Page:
Interview #2 with Judge Rory R. Olsen
BURGESS: How long has it been since we visited before?
OLSEN: About two months.
BURGESS: Has anything changed since then?
OLSEN: The last time that we visited, my novel had just been accepted for publication by Booklocker,com. Inc. Since that time, the book has made it through the preparation and is available for purchase.
BURGESS: How have these last two months been for you?
OLSEN: Nerve wracking, mostly! But also, they’ve been very educational. Although I’d read about the process, I didn’t realize fully just how complicated and time consuming all of things that need to done prior to the release of the book can be.
BURGESS: For example?
OLSEN: The cover art was something that I’d never dealt with before.
BURGESS: What was the experience like?
OLSEN: It was somewhat out of my usual day to day experiences. I had a problem with the initial color of the cover. My wife noticed a way to make the cover look sharper. Several friends also added comments. Taken together, our changes really did make the cover look better. Since I’m a words person, I don’t have much experience dealing with fine arts issues. Fortunately, I had a good deal of help.
BURGESS: What was it like waiting for the book to finally come out?
OLSEN: Ken, do you remember the old cartoons where the very nervous husbands of the women in labor paced back and forth in the waiting room, drinking gallons of coffee and chain smoking? Well, I sort of felt like that. Every day I checked my e-mail every few hours, hoping that I’d get some word on when the book would be available. Then, finally after what seemed to be several lifetimes, I received an e-mail that said that a galley copy of the book would be shipped very soon.
BURGESS: I’ll bet that was a relief to you.
OLSEN: Not in the least. I received the e-mail on a Monday and I didn’t receive the galley until Saturday afternoon. That was one long, long week.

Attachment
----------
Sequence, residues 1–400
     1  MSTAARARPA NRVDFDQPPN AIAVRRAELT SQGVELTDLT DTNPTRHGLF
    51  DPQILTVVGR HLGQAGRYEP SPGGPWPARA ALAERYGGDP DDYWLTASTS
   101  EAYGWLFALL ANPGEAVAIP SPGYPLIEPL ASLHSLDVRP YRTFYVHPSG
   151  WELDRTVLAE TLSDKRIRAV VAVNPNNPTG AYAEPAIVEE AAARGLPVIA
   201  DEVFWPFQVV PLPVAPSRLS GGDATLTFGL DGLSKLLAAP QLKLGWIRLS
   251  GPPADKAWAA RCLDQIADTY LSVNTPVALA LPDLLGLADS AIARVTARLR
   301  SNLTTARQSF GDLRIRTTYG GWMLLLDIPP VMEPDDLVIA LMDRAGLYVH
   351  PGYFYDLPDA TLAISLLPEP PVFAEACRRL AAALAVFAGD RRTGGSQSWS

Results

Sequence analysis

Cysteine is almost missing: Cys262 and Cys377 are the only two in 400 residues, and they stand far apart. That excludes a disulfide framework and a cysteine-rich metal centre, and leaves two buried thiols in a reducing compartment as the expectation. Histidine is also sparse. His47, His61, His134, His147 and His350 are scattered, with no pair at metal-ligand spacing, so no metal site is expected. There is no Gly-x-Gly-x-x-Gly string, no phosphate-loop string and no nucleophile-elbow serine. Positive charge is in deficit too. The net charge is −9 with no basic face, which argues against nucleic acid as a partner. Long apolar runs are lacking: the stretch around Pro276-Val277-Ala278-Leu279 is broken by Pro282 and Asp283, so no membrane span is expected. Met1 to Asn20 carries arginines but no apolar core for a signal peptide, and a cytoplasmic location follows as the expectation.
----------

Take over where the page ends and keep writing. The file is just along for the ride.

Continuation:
BURGESS: What was your reaction when the book finally arrived?
OLSEN: Shock, pure and unadulterated.
BURGESS: Why were you shocked?
OLSEN: Ken, when I started writing the novel, it consisted of nothing except a bunch of ideas in my head. Slowly the ideas started to take form as series of images on my computer screen. But since the novel was only two dimensional and only visible at my computer, it didn’t seem completely real. But when I opened the envelope and extracted the galley, those ideas and images had become real and tangible. I felt like a parent seeing his or her child graduate from college.
OLSEN: I was able to remember when the novel was nothing more than an idea in my brain that I found to be interesting. Seeing it in the form of a real, honest to God book, complete with bar code, cover art, copyright notice and all the other things that one finds in books was a major change for me. My little idea has grown up and become something quite tangible. I feel as if I’ve really created something.
BURGESS: Have you had any other interesting experiences since the book came out?
OLSEN: Well, the book has only been out for a short while, so I’m sure that I’ll have more to tell you down the road a piece, but right now two things stick in my mind. The first is that it took Amazon.com a while to list my book. Every day after the novel came out, but before Amazon listed it, I received good natured grief from an out of state lawyer friend who kept telling me that I wouldn’t be considered a real author until the novel was on Amazon’s web site. Once he saw it there, he conceded the point to me.
BURGESS: Rory, what else happened that captured your attention?
OLSEN: I received an e-mail from a retired high school English teacher in Florida, who asked me if I thought that it would be likely that Sean and Jo would actually hit it off, considering their differences in age, education and life experiences.
BURGESS: What happened?
OLSEN: We corresponded for a bit. At the end of our correspondence, I convinced her that Jo and Sean’s differences complimented each other’s personalities. Sean’s cautious nature balances nicely with Jo’s vibrant impetuosity. Jo’s great empathy and ability to read people goes well with Sean’s analytical powers.
BURGESS: Did you decide that anything else made them work as a couple?
OLSEN: From Jo’s perspective, the greatest thing about Sean is that he is absolutely madly in love with her. Being overwhelmed by a woman makes up for a lot of shortcomings.
BURGESS: What about the relationship from Sean’s perspective?
OLSEN: Having lost one wife, he appreciates having such a lively and lovely female in his life. Before Sean met Jo, his life was bleak and slowly unraveling. Jo’s vibrant presence brought life and warmth back into his life. And the fact that she is stunningly beautiful makes him even more grateful.
(to be continued - we hope)